Sanderson's job entailed overseeing day-to-day operations; deciding which projects to pursue; making casting and hiring decisions; attending meetings with studio executives, financiers, and talent; networking within the entertainment community; making project promotion decisions; and supervising pre- and post-production projects, among other things. ( Id. ¶¶ 11, 13-14, 18.) Sanderson cites to these activities in relation to several specific projects, which span from 2001 until 2010. ( Id. ¶¶ 15-22.) Though Brooks traveled frequently, Sanderson arranged for him to accompany her to the pitch meetings in Los Angeles County. ( Id. ¶¶ 12, 14.) Since the entertainment business is centered in Southern California, most (if not all) of Sanderson's activities on behalf of Red Strokes occurred in Los Angeles, either at the Red Strokes office or at the offices of other entertainment industry executives. ( E.g. , id. ¶ 26.)

From 1998 until its doors finally closed in early 2011, Red Strokes's only office was in Beverly Hills. ( Id. ¶¶ 8, 23-24.) It had one employee, California resident Anka Brazell, who assisted Brooks and Sanderson from the Beverly Hills office for five years prior to Red Strokes going inactive. ( Id. ¶ 9.) Brooks also hired an outside accounting company in Tennessee to provide accounting and payroll services for Red Strokes; various Red Strokes documents were also maintained in Tennessee, at least until 2000. ( Id. ¶ 28; Brooks Decl. ¶ 5.)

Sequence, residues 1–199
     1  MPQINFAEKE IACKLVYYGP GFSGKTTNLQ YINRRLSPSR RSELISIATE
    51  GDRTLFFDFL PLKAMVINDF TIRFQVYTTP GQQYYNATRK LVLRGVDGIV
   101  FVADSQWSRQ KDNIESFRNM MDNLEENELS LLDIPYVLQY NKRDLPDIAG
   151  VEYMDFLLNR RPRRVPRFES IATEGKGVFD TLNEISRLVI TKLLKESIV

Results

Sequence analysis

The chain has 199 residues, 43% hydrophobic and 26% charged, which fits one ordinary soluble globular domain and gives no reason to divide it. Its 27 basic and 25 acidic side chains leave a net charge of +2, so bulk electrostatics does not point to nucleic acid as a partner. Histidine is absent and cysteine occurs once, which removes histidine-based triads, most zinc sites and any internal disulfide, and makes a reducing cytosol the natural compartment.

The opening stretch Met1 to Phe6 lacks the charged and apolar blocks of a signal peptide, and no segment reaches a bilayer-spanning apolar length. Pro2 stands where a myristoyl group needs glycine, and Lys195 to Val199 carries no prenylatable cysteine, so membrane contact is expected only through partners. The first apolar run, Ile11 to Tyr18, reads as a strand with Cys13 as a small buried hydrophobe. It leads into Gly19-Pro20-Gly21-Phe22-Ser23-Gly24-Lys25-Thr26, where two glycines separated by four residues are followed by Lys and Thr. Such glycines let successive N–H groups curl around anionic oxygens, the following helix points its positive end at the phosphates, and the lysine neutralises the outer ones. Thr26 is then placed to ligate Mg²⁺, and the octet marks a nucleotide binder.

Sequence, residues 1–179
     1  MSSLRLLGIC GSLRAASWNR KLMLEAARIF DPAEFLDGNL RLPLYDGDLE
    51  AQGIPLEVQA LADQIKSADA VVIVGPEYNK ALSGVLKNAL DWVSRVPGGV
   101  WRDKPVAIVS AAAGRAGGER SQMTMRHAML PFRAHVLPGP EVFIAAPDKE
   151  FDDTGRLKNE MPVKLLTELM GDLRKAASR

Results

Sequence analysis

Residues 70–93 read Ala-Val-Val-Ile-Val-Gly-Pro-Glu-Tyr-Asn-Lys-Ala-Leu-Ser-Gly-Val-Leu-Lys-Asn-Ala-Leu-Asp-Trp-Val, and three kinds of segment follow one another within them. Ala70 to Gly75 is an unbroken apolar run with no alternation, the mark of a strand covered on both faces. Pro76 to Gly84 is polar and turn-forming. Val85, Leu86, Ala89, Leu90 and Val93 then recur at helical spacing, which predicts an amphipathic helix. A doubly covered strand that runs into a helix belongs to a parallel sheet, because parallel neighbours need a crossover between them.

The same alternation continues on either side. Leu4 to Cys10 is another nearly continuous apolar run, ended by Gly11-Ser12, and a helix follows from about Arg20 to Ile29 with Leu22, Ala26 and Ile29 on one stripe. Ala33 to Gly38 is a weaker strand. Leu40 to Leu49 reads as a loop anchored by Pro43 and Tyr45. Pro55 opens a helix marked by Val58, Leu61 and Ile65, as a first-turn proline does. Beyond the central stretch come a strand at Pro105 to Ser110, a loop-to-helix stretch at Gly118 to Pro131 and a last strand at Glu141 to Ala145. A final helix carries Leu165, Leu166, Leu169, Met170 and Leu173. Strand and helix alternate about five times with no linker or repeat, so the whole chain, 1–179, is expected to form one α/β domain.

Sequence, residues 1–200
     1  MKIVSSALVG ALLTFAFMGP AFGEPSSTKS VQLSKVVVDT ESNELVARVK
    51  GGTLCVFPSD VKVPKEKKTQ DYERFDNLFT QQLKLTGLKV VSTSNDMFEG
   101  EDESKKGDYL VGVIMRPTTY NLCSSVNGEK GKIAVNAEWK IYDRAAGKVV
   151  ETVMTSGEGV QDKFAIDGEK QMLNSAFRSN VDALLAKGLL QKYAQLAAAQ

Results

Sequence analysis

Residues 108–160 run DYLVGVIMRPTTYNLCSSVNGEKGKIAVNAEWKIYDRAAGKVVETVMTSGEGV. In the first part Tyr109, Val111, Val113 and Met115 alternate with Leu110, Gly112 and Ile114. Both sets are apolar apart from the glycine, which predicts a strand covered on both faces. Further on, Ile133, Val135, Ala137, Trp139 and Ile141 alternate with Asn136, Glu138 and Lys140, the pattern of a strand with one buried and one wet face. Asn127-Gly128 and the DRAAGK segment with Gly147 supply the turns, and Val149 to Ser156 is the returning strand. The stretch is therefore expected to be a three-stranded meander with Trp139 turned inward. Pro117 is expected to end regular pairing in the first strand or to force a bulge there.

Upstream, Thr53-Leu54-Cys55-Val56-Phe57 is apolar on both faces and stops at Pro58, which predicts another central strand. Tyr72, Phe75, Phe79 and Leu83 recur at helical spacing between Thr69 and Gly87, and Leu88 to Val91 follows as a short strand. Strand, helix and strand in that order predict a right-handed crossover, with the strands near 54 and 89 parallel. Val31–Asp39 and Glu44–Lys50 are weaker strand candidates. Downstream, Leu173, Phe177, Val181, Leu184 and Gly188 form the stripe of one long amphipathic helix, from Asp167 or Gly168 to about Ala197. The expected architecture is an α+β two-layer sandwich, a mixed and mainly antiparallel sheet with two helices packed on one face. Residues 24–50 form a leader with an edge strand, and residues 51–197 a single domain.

Since the corporation went inactive, "Red Strokes has not engaged in any business activities other than those incidental to the winding up of its operations, " such as making final payments and filing tax reports and similar documents. (Brooks Decl. ¶¶ 6, 8.) Red Strokes continued its final "winding up" activities in Tennessee for no more than two to three months in late 2010 and early 2011. ( See id. )

After Red Strokes went defunct, Sanderson began complaining that Red Strokes took unauthorized deductions from her paychecks from May until October 2011, and has neglected to pay her due wages, a 50 percent producing fee, and a $250, 000 severance bonus that was allegedly agreed to when she took the job. Perhaps in response to these contentions, Brooks and Red Strokes filed a lawsuit against Sanderson in November 2011 in a Tennessee state court, claiming that she had defaulted on a subsequent oral loan agreement, and seeking a declaratory judgment against Sanderson's allegations. (Notice of Removal ¶ 27.) Sanderson removed the Tennessee case to the United States District Court for the Middle District of Tennessee on diversity grounds; the action is still pending. ( Id. ¶¶ 26, 28.)